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Space Science

NASA Snaps New Photo of Incoming Asteroid 135

astroengine writes "Wider than an aircraft carrier and darker than coal, asteroid 2005 YU55 is soaring at over 11 miles a second straight towards Earth and moon on its latest path through the inner solar system. This new radar image was acquired Nov. 7 by the 70-meter radio telescope at NASA's Deep Space Network in Goldstone, Calif., and shows the approaching space rock in unprecedented detail." Phil Plait has posted some information from NASA about just how they're doing the tricky job of tracking the asteroid.
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NASA Snaps New Photo of Incoming Asteroid

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  • by Superken7 ( 893292 ) on Tuesday November 08, 2011 @11:25AM (#37985380) Journal

    The article explains why the asteroid looks like a pixelated sprite taken from the era of Monkey Island.

    For those that didn't want to bother reading both articles and just wanted to have a look at the image but then thought "WTF" after having a look at it:

    "The individual pulses can be timed very accurately as well, so that the shape of the asteroid can be determined, too. If there is a bump on the asteroid, like a hill, then a pulse hitting that won’t travel quite as far as a pulse that hits a crater. It gets back sooner, and this can be measured. The spatial resolution of this method at the distance of YU 55 will be about 4 meters, so they’ll be able to make an image that’s about 100 pixels across of it."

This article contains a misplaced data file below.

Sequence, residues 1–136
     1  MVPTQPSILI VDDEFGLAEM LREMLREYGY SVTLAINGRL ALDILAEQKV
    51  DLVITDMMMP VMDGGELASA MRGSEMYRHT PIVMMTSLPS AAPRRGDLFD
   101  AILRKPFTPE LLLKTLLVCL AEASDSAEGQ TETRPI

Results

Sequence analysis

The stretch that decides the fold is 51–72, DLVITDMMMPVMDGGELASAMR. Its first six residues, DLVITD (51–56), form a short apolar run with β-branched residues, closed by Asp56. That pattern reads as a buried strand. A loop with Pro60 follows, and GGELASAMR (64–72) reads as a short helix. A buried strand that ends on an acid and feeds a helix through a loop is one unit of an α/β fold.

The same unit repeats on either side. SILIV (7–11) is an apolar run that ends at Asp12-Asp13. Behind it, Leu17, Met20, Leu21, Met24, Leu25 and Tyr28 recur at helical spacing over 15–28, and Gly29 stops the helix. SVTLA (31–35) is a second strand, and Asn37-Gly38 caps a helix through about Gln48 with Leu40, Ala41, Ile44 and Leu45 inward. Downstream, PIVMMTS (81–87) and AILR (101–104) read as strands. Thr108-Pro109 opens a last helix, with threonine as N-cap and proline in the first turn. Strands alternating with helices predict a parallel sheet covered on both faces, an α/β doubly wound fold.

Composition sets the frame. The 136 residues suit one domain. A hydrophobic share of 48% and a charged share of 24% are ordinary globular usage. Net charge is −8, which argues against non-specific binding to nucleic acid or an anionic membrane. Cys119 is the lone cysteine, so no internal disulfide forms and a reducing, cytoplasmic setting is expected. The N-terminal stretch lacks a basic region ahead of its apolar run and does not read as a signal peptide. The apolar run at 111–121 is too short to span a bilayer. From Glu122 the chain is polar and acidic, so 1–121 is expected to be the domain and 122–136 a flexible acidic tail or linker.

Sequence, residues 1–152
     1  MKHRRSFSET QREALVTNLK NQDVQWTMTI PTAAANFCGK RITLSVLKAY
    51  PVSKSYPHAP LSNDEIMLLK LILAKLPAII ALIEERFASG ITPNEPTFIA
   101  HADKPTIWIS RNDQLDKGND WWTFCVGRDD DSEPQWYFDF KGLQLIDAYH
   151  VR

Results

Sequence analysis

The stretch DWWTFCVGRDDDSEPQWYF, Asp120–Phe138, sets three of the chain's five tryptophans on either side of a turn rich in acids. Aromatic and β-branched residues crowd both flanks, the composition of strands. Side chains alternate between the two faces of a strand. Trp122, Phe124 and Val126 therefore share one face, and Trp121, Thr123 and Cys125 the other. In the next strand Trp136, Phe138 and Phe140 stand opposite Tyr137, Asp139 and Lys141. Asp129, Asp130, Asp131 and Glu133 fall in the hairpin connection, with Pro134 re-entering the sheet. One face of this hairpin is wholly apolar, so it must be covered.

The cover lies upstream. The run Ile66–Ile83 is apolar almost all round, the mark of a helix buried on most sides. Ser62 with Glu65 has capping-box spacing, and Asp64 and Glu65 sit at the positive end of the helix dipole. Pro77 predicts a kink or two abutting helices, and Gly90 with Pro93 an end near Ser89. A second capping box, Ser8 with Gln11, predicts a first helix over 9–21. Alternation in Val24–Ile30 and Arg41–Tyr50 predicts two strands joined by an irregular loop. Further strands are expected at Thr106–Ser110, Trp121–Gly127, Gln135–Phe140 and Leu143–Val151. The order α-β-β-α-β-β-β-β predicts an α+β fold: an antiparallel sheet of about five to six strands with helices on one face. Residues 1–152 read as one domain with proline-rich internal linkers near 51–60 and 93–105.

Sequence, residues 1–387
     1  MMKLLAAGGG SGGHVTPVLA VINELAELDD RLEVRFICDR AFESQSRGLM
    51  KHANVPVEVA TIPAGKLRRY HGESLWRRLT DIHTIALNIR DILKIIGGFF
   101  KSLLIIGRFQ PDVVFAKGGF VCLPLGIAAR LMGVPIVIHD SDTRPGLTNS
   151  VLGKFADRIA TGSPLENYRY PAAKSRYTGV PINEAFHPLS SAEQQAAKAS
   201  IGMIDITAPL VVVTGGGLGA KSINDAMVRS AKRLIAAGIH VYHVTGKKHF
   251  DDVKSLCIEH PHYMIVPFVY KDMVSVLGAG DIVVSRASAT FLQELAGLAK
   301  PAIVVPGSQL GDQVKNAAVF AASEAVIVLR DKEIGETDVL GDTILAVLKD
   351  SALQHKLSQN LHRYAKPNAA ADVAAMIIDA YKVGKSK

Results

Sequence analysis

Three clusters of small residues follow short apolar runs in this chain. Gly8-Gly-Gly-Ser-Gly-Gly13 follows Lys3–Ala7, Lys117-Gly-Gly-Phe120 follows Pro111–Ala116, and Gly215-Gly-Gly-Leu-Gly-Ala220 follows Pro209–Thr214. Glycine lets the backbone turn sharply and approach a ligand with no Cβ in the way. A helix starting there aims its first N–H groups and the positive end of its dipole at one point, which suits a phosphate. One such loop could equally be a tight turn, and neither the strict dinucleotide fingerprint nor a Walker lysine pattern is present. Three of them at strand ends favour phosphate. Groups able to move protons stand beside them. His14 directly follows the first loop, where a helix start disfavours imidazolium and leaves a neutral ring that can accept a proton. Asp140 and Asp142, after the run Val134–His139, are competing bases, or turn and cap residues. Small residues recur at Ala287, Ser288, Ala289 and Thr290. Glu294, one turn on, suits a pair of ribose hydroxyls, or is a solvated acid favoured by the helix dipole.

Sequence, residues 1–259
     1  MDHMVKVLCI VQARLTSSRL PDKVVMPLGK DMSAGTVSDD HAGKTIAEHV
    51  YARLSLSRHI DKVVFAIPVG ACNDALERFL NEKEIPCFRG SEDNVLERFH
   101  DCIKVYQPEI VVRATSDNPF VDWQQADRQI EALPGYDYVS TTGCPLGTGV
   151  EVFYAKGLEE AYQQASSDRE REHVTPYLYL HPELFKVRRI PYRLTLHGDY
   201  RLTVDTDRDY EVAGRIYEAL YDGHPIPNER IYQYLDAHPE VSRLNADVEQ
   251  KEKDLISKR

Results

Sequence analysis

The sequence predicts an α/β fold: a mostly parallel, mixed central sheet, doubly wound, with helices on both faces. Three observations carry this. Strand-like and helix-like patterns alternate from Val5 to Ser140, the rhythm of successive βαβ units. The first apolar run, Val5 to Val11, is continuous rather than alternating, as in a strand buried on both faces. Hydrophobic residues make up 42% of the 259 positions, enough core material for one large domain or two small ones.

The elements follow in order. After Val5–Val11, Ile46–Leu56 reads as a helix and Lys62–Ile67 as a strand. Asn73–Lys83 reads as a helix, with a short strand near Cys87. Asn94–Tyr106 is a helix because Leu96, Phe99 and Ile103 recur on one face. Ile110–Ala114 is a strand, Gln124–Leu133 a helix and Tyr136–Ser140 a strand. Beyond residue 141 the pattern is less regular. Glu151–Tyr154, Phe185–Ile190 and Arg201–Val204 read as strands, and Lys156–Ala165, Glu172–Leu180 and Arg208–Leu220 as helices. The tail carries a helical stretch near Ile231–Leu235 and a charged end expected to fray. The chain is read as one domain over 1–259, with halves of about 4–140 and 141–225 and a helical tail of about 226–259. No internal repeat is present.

image: []

  • Re:Why side-lit? (Score:5, Informative)

    by Anonymous Coward on Tuesday November 08, 2011 @11:55AM (#37985786)

    Up in the image is earth-ward. The vertical axis is the pulse return delay, and the horizontal axis is doppler shift of the pulse return.

Solutions are obvious if one only has the optical power to observe them over the horizon. -- K.A. Arsdall